1. Limited time only! Sign up for a free 30min personal tutor trial with Chegg Tutors
    Dismiss Notice
Dismiss Notice
Join Physics Forums Today!
The friendliest, high quality science and math community on the planet! Everyone who loves science is here!

Photon Detectors

  1. Jan 19, 2012 #1
    Do photon detectors necessarily need to absorb the photon to detect it (i.e. can photon detectors exist that make the detection but allow us to perform further tests on the photon)?
  2. jcsd
  3. Jan 20, 2012 #2


    User Avatar
    Science Advisor
    Gold Member
    2017 Award

    "photon Detectors" aka Photomultiplier tubes work on the principal of the photon(s) striking an electrode which emits electrons which strike other electrodes emitting more electrons in a cascading effect, producing a measurable current flow, the "photoelectric effect" first discovered by Heinrich Hertz in the late 1800's and was followed up by work done by Elster and Geite.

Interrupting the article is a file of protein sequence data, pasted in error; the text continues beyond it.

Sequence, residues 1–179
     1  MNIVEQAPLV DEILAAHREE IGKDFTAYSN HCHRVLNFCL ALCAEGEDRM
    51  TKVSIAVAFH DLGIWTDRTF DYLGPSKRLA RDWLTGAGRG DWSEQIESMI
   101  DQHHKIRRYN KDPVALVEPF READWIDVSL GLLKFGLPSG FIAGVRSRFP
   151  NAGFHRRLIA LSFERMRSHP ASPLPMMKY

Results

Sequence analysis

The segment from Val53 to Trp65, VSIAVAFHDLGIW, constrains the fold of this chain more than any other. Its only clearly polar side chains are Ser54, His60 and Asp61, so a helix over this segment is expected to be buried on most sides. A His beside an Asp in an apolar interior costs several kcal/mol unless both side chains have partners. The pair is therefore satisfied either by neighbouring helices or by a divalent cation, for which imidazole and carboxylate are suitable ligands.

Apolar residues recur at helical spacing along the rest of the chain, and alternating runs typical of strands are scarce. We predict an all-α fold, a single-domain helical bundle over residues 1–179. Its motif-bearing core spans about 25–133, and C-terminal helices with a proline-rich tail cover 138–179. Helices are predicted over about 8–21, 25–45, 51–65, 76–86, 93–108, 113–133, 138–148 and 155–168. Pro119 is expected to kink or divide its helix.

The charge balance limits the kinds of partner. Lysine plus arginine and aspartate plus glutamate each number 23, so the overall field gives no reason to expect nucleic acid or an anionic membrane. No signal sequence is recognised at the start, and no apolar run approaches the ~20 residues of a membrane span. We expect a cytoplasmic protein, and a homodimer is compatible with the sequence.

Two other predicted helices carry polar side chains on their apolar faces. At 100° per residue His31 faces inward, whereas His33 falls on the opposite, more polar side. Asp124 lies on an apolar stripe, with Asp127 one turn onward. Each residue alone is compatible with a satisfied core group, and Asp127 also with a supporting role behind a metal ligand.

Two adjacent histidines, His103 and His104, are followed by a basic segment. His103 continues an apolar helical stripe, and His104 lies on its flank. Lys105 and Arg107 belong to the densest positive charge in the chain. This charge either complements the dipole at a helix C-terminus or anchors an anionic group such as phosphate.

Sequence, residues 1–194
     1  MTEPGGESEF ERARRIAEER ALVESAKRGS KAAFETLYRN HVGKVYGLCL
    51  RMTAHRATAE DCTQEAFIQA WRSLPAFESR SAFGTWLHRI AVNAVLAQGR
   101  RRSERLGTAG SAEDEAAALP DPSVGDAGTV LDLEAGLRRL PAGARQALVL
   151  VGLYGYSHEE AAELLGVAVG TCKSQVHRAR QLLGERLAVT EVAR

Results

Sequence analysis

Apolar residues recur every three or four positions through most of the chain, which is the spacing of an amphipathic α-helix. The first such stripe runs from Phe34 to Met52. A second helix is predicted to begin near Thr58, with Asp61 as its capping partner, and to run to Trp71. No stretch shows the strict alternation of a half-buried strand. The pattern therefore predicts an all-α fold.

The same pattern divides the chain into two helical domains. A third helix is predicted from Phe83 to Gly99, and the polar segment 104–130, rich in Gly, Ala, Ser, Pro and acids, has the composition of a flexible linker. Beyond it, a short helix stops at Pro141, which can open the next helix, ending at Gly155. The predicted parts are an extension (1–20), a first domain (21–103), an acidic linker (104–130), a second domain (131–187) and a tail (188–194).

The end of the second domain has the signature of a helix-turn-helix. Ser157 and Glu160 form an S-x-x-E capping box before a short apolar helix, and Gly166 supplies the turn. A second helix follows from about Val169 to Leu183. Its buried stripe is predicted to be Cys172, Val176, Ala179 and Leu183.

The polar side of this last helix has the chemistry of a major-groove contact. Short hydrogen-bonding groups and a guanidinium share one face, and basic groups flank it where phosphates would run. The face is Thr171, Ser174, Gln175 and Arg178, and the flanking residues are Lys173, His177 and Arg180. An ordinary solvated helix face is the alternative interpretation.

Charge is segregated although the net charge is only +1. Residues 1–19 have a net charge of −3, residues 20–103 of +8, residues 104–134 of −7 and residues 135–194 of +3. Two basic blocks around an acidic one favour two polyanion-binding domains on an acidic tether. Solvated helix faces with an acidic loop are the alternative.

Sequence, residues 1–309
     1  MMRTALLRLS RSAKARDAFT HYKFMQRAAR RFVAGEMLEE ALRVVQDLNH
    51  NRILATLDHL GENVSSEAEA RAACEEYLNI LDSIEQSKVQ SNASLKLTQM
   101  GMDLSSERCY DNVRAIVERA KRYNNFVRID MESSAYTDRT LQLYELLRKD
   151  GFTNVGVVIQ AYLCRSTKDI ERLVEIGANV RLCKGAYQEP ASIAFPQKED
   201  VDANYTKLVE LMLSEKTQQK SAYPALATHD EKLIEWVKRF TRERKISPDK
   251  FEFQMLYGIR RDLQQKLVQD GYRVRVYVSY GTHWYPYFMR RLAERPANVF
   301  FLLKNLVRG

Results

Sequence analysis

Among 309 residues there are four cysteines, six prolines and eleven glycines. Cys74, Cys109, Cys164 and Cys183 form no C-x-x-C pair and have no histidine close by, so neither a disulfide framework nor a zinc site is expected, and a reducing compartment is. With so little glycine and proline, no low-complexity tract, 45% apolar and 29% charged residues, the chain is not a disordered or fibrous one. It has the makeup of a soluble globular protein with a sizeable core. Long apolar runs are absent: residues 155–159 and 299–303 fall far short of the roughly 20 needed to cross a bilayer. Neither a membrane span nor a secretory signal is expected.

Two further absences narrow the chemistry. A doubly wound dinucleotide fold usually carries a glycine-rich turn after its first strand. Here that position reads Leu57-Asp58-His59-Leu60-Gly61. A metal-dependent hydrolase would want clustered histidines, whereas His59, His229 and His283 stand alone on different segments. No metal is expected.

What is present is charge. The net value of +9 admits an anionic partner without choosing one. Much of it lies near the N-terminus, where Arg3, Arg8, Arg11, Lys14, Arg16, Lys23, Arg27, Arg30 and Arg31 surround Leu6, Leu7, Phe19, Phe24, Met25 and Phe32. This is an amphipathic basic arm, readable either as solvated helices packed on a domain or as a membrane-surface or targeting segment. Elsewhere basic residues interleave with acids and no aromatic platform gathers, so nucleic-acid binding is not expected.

I personally am unaware of any photon detectors that work the way you describe, maybe some one else will chime in with that possibility :)

  4. Jan 20, 2012 #3

    Vanadium 50

    User Avatar
    Staff Emeritus
    Science Advisor
    Education Advisor
    2017 Award

    A detector is changed by the photon, and the photon (if it still exists) is changed by the detector. This is a statement that does not depend on the details of the detection mechanism.

    You can only step in the same stream once.
  5. Jan 20, 2012 #4


    Staff: Mentor

    You might be interested in so-called "weak measurement". I don't know much about it, but you clearly have an internet connection :smile:
  6. Jan 20, 2012 #5
    Might be possible via Quantum Non demolition measurement

    Chk this article out
    "Quantum non-demolition measurement allows physicists to count photons without destroying them"
Share this great discussion with others via Reddit, Google+, Twitter, or Facebook